Easy roast lamb & trimmings

When it’s my turn to cook dinner for a get-together and I want something fuss-free but still makes an impressive dinner, this is my default meal. Succulent rosemary scented, garlicky roast lamb with rich, red wine gravy, and roast potatoes always goes down a treat. Everything cooks together, and is ready at the same time. Toss together a leaf salad, and it’s a complete meal.

I use a leg of lamb, you need to allow ~1.5kg for 4 adults, ~2kg for 6, ~2.5kg for 8. These sizes will give 200 – 250g of meat per person, which is plenty; you should have extras for fantastic sandwiches the following day.

To roast lamb, allow 30 minutes at 180°C per 500g for medium. I find that if I use the oven to roast potatoes as well, I have to bump up the temperature to 190°C at the end and cook for an extra 20 minutes to crisp up the potatoes. Perfect, as you have to rest the lamb anyway.

Ingredients:
~2kg leg of lamb
3 sprigs of rosemary
4 cloves of garlic
sea salt flakes (I use Maldon)
ground pepper
olive oil
2 tbsp plain flour
½ cup of red wine

500g yams
80g butter, cubed
sea salt flakes
ground pepper

750g potatoes
1kg kumara
plain flour
rosemary leaves (thyme is good as well)
1 garlic bulb, divide into individual cloves (leave skin on)
olive oil
sea salt flakes
ground pepper

Bring the lamb out of the fridge half an hour before cooking to warm up to room temperature. Preheat the oven to 180°C. Trim any areas which have thick layers of fat or sinew. Remove the skin from the garlic and halve or cut into similarly sized wedges. Remove the woody stem of the rosemary.

Cut about 10 evenly spaced slits into the lamb, stuff a garlic wedge and rosemary into each ‘pocket’. Sprinkle with a couple pinches of salt flakes, and generous grind pepper over the lamb. Drizzle the lamb leg with good splashes of olive oil.

Roast for 2 hours. Once the lamb is in the oven, I get started on the potatoes/kumara and yams. This roast potatoes recipe results in potatoes which is crunchy on the outside and lovely and soft inside. I like to include yams as these have a slightly sweet, tangy taste, and roast easily, – you just put them in the oven, and leave them to cook.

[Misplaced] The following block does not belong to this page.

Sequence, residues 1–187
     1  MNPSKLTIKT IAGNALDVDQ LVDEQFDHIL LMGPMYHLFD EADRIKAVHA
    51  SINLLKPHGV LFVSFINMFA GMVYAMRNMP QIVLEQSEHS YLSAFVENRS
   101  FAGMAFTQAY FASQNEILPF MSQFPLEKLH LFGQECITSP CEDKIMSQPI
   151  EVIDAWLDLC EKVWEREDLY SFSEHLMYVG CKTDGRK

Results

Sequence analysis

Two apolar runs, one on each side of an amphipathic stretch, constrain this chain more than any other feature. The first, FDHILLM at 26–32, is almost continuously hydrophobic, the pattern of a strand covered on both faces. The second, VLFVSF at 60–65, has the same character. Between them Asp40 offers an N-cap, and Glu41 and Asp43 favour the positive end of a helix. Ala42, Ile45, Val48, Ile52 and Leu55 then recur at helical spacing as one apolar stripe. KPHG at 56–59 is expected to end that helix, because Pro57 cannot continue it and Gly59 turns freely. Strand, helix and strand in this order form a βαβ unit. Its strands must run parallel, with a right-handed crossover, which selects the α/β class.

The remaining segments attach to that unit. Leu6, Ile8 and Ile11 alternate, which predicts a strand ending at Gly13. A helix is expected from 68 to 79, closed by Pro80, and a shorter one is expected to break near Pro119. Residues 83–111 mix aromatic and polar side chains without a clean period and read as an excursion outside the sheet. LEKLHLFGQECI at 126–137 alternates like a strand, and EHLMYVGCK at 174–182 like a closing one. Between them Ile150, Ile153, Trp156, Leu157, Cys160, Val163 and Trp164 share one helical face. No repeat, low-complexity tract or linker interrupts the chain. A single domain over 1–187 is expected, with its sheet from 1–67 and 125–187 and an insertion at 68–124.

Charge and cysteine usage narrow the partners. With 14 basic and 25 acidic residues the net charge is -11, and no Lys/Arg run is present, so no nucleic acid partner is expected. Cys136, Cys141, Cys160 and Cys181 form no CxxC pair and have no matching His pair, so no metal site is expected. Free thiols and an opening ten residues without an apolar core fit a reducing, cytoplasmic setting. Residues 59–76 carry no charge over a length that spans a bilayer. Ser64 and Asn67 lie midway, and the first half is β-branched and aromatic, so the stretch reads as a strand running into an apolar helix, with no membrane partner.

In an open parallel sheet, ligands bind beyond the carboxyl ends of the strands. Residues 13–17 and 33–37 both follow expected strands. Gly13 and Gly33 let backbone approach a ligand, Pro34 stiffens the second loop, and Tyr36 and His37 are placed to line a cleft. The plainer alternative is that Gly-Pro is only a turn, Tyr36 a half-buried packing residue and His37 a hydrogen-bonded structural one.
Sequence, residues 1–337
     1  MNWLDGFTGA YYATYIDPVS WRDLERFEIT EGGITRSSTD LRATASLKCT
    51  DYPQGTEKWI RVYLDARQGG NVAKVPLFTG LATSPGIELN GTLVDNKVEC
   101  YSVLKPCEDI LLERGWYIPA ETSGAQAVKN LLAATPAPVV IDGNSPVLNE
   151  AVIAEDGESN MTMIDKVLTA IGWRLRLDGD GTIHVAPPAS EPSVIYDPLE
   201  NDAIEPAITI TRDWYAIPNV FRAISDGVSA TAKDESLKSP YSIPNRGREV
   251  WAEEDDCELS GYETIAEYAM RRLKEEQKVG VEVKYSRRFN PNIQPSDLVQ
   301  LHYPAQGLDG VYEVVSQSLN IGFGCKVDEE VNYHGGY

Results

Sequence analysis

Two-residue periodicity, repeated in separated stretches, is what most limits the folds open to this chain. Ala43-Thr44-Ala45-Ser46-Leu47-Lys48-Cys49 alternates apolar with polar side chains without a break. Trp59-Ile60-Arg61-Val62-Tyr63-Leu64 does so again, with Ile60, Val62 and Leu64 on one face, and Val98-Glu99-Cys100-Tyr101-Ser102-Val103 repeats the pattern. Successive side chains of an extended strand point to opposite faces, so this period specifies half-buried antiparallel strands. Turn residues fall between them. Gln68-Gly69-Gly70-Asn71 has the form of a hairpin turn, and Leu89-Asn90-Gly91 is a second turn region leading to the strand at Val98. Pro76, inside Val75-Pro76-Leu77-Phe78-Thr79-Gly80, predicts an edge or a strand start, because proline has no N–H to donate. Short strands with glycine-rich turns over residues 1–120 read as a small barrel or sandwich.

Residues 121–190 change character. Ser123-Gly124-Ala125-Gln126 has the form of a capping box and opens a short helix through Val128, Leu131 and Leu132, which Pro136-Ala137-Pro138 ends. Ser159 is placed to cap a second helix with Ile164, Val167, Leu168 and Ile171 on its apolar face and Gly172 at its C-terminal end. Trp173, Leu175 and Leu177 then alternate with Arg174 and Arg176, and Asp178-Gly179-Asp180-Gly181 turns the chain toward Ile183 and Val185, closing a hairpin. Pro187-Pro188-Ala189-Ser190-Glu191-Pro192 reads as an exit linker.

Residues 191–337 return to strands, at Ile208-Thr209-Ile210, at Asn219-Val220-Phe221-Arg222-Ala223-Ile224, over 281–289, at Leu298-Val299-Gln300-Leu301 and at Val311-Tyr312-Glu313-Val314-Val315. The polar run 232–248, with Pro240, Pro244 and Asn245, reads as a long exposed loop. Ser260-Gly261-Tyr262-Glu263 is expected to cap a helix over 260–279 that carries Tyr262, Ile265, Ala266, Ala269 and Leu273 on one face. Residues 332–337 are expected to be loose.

To bake yams:
Cut 500g of yams into 2 – 2.5cm lengths. Dot butter cubes around the yams. Season with salt and pepper. Bake at 180°C for 90 minutes.

To bake potatoes & kumara:
I portion ½ a large potato and ½ a medium kumara per person, and 1 extra. Peel, wash and dry with a clean tea towel (this is important when you flour your potatoes).

Cut into even chunks, – quarter your potatoes, and use this to guide the size of the kumara pieces. Place two tablespoons of plain flour in a large plastic bag and toss pieces in batches until coated. Roll the pieces in your hands to remove excess flour and place on an oven tray.

Randomly place the herb and garlic cloves around the potato pieces. Splash enough olive oil to coat (~ 3 tbsp, add more if required), toss the pieces in the oil to ensure each piece is mostly coated. Bake at 180°C for 90 minutes. Note that as the oven is loaded, the heat will not be circulating as well (unless you have a convection oven), so you will need to turn the potatoes after 1 hour, and again after 90 minutes.

After 2 hours, take out the lamb to rest. Bring the temperature up to 190°C, and roast the potatoes for another 20 minutes to crisp up.

In the meantime, make the gravy. There should be about 2-3 tablespoon of fat in the pan. If there is more, remove the excess. Sprinkle the 2 tbsp of flour on the fat, and mix well. Place the roasting pan over the smallest element, and turn on low. Add the wine, and scrap all the caramelised bits off the bottom of the pan. Mix well, until you get the consistency you want.

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2 thoughts on “Easy roast lamb & trimmings

  1. bunnyeatsdesign says:

    Your yams look great! I don't think I've ever roasted them before. Looks like an easy and interesting dish. I also put my root vegetables into a plastic bag to season. One thing that me and my husband love about roast lamb is what the Cantonese call “tao sic”. It translates to “stolen bite” and refers to a bite sized piece of lamb cut off the outside about 45 minutes into the cooking process. It's a nice reminder of what is to come. Don't tell the guests!

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